Need a helping hand?

The image for today was taken two minutes after the one posted two days ago – click here to see that previous image.

Street photography is not easy and I’m not entirely comfortable taking candid shots of people. Everyone has a right to privacy and I have no desire to make myself appear intrusive. The coward’s way out is to use windows as reflectors so that the people who feature are completely unaware they are in the frame.


I spotted these hands of male mannequins in a shop window and lined them up for a shot when this couple’s reflection drifted into view. Instinctively I took the shot. The problem is that the couple are not as sharp as they should be. The camera has focused on the window display rather than on what was reflected. There was no chance I was going to shout: ‘Hold it right there please while I take a second shot, if you please’.

So here’s the image. But how do you title an image like this without resorting to stereotypical clichés? Your thoughts on that would be most helpful.

About LensScaper

Hi - I'm a UK-based photographer who started out 45+ years ago as a lover of landscapes, inspired by my love of outdoor pursuits: skiing, walking and climbing. Now retired, I seldom leave home without a camera and I find images in unexpected places and from different genres. I work on the premise that Photography is Art and that creativity is dependent on the cultivation of 'A Seeing Eye'.
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16 Responses to Need a helping hand?

  1. Sometimes a cliche hits the spot Andy, as in this case.


  2. Perhaps the title could be “May I carry your bags?” Ah, street photography! I am generally not a great fan of street photography and I know the different arguments that people have about it. I do think it can intrusive and that the subjects of photographs have no control over what happens next. They may not wish to be defined in a moment that has been captured. Homeless people are often subject to the lens of street photographers and somehow I think the photographer is also taking their dignity. Occasionally people will feature in my photographs but I will try to make sure they are anonymised by shooting from behind the person or taking their shot in profile so that it will be difficult for anyone to recognise them. I am not shy of taking photographs of people just as I have no problem lying down in the street to get the right shot. If the person is not anonymised I will have spoken to them and asked about taking their photograph – perhaps someone protesting or campaigning. I once saw some images of female street workers and drug users. The photographer felt these reflected aspects of our society and he had spoken to the subjects and even offered them a small amount of money to help them. I feel that those people may move on in life and yet part of their life will be anchored in images of times when they were down on their luck and struggling. Those images were published and could come back to haunt them or be seen by family when they would prefer to keep those darker times private. I realise I am talking about people who may be regarded as being on the fringes of society but I think similar arguments apply to everyday street photography. I think also with the advent of face recognition software there are even stronger arguments for people to approach street photography with caution and to consider privacy in light of technological developments that may intrude in ways that we have yet to know about! I raise these points not to be critical but to add to the debate about street photography. An alternative title for your image might be “Big brother is watching you!” Thanks for sharing your thoughts and photographs, best wishes, N 🙂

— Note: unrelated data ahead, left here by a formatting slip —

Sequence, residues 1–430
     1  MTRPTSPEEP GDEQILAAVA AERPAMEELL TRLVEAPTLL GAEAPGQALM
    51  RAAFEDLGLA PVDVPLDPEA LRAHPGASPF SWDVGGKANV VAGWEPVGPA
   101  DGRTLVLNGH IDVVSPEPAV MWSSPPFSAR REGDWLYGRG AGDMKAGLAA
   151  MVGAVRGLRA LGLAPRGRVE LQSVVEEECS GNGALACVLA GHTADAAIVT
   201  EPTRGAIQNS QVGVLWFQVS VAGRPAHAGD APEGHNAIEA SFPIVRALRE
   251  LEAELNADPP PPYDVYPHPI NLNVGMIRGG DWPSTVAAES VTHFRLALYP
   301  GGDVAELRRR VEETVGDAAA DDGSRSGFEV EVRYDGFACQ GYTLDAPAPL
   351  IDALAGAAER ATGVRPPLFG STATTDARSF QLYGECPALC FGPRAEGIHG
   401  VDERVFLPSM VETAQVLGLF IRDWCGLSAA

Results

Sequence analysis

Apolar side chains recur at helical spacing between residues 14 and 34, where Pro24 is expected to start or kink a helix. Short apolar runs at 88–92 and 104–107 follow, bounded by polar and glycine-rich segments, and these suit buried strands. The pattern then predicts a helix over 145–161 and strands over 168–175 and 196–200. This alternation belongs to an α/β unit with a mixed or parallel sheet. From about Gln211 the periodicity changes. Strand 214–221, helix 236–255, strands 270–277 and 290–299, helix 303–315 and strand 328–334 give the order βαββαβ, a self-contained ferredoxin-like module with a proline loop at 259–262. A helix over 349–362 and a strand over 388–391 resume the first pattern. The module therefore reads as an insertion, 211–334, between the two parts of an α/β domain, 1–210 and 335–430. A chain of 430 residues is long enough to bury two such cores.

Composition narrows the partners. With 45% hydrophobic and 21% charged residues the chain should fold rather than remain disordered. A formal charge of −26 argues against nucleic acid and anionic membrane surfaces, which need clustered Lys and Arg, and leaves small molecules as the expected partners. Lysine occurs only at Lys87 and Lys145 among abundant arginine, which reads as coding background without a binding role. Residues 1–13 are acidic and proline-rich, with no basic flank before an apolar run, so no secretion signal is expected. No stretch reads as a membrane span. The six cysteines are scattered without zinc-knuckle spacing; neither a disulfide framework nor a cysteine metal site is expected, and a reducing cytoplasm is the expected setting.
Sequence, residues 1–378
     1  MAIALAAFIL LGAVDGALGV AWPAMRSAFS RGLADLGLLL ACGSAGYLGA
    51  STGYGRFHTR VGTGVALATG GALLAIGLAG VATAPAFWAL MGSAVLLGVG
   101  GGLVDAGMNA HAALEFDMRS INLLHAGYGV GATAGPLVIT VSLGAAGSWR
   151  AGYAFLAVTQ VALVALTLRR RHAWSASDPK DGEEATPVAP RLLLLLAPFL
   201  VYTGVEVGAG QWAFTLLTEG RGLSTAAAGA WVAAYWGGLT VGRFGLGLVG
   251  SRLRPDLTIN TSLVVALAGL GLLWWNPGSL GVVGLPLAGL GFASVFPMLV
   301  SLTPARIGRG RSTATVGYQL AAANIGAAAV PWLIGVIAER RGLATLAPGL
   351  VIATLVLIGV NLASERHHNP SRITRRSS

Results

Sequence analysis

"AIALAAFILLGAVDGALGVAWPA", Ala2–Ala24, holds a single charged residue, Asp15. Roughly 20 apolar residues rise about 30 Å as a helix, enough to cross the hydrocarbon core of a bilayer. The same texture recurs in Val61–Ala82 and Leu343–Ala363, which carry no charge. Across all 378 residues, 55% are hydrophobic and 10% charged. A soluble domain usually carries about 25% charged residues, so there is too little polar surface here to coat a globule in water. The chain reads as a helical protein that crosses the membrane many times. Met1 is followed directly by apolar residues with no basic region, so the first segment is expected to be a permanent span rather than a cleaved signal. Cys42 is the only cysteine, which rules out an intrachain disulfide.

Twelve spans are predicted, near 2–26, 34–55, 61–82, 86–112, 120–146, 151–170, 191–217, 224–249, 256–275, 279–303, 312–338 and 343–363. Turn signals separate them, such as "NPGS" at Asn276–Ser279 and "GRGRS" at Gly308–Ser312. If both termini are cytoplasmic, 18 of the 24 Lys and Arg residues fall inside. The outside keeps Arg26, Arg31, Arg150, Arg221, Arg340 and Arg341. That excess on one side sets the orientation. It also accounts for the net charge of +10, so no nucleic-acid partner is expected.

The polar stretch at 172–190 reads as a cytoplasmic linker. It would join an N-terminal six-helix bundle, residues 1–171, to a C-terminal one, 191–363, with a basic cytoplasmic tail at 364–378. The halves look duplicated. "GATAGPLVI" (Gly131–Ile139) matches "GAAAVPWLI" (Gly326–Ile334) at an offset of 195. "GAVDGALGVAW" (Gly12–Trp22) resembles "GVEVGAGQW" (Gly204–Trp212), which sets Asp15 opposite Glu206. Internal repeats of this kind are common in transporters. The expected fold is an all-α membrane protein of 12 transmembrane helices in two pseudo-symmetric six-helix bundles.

3. oneowner says:

    I’m also not a great fan of street photos, either, unless there is implied permission of posed for. I took a photo of a girl (most folks thought it was a pretty good photo), posted it and it came back to bite me. There are photographers that are good at it and some photos are exceptional but I would not like my photo taken when I was unaware for personal reasons. I’m not trying to scare anyone away from street photos but to just be aware of the subjects wishes about it and how they might be perceived.


  4. I do like street photography and have gotten more comfortable with it myself over time. If the subject is a street performer and I take their picture I always leave a little something for them. If they are homeless or asking for money on the street I always raise my camera and silently ask permission. If I get the nod I take the picture. I think you did a good job with this shot and I do like the title.


  5. Jimi Jones says:

    Very creative shot, Andy. Nice job on this.
    I like street photography but tend to shoot from a distance. If it’s a festive type atmosphere with lots going on it seems an easier takes because no one is certain as to what you may be shooting. Like you, I don’t want to make anyone feel that I am intruding.


  6. ShimonZ says:

    I like street photography, and liked this one too.


  7. ehpem says:

    Very nice arrangement and use of reflections. I wonder if this shot might work better in black and white with those wonderful white hands.


  8. I think it’s a great image. It took a second for me to realize that it is a reflection. That’s how good your shop window images are, Andy. They are superb. The best I’ve ever seen. Carry on, Mate! 🙂


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